Difference between revisions of "Laser"

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===Things it can cut===
 
===Things it can cut===
See [http://atxhackerspace.org/wiki/Laser_Cutter_Materials ATX Hackerspace list] for a more complete list]
+
See [http://atxhackerspace.org/wiki/Laser_Cutter_Materials ATX Hackerspace list] for a more complete list
 
* Wood: plywood, hardwood, MDF, cardboard, paper, cork  
 
* Wood: plywood, hardwood, MDF, cardboard, paper, cork  
 
* (Some) plastics: acrylic, delrin, mylar
 
* (Some) plastics: acrylic, delrin, mylar

Revision as of 06:56, 14 October 2019

Our Laser

BossLS1630.png

TSAS has a 100w Boss LS-1630 laser with a cutting capacity of 400 x 750mm or 15.75" x 29.50", with pass-through windows. This means that if your project is larger in one dimension (like a 25" wide surfboard), it will fit inside the machine—we'll just need to cut/engrave in multiple sections.

Materials

In general, if your material is 1/4" (6.35mm) or thinner, the information below applies. The machine is capable of cutting up to 3/5", but see Stallings before planning a project with very thick material.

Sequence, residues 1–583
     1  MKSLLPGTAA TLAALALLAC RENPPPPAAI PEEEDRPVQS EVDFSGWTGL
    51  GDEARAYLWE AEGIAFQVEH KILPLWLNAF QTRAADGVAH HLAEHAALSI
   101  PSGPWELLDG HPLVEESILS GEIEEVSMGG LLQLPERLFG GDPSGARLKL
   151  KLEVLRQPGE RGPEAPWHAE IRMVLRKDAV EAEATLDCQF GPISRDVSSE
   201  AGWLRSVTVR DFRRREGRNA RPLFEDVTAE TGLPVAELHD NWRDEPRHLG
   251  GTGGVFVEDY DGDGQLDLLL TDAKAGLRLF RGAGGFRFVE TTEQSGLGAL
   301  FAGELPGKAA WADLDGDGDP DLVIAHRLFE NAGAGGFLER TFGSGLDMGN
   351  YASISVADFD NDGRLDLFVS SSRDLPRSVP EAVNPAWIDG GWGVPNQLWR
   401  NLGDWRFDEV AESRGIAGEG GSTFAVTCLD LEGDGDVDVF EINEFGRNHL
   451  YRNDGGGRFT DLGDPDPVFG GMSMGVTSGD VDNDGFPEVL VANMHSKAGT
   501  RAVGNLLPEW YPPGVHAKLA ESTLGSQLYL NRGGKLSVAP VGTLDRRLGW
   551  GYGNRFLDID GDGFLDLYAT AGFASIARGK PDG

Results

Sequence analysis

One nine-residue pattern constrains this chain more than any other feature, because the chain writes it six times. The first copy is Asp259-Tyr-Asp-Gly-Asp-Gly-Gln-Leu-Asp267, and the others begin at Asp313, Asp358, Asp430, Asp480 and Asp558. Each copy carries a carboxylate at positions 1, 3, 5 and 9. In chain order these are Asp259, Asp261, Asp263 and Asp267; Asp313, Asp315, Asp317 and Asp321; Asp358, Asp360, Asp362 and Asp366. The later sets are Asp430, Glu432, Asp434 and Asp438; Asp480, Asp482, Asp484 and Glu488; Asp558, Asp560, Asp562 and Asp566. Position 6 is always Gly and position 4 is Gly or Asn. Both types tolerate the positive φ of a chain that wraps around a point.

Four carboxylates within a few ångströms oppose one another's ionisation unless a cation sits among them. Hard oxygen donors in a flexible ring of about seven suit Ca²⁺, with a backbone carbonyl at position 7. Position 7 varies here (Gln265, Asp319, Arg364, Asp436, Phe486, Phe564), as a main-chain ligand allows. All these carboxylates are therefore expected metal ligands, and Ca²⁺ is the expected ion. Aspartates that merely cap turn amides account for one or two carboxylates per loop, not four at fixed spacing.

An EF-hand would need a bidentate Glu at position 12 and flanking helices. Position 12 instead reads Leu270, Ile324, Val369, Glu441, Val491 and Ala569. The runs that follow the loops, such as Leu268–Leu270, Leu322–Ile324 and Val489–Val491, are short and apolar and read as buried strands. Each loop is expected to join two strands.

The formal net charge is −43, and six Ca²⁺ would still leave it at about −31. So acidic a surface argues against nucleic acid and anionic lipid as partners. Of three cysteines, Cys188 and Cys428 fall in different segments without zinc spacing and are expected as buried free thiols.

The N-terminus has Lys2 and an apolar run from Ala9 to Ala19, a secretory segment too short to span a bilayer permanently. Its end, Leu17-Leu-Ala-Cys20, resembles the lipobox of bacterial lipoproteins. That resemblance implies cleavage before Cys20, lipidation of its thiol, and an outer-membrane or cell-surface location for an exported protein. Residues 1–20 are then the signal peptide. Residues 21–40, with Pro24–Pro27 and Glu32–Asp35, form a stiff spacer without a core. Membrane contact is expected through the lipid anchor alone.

Things it can cut

See ATX Hackerspace list for a more complete list

  • Wood: plywood, hardwood, MDF, cardboard, paper, cork
  • (Some) plastics: acrylic, delrin, mylar
  • Metal (engrave only)
  • Leather, cloth
  • Magnet sheet

Things it can engrave

  • All from the cut list—if it can be cut, it can be engraved.
  • Metal
  • Glass
  • Rock
  • Tile
  • Anodized aluminum

Things it can NOT cut or engrave

See ATX Hackerspace list for a more complete list]

  • Lexan (fire)
  • PVC (puts off chlorine gas)
  • Epoxy (fire)
  • Polystyrene or polypropylene foam (fire)
  • ABS (melts)

Material Resources

Creating a Project

Your project must be in one of the following vector file formats if you wish to cut through the material: .ai, .pdf, .dxf, .hpgl, .plt, .rd, .svg, or .tga. Check the vector page for more info if you aren't sure what that means. If you only wish to engrave, the machine will accept .bmp, .jpg, .jpeg, .png, .gif, .tif, or .tiff.

If you are on a desktop computer, your best choices for creating a vector design are Inkscape (free, open source) or Fusion 360 (free for our use). Stallings would love to walk you through either one.

If you are on a Chromebook, SketchUp has an excellent Chrome app, or Vectr, a free website that works well for tracing images.

Once you have your image, see Stallings to begin the cutting/engraving process.

Project Ideas/Downloads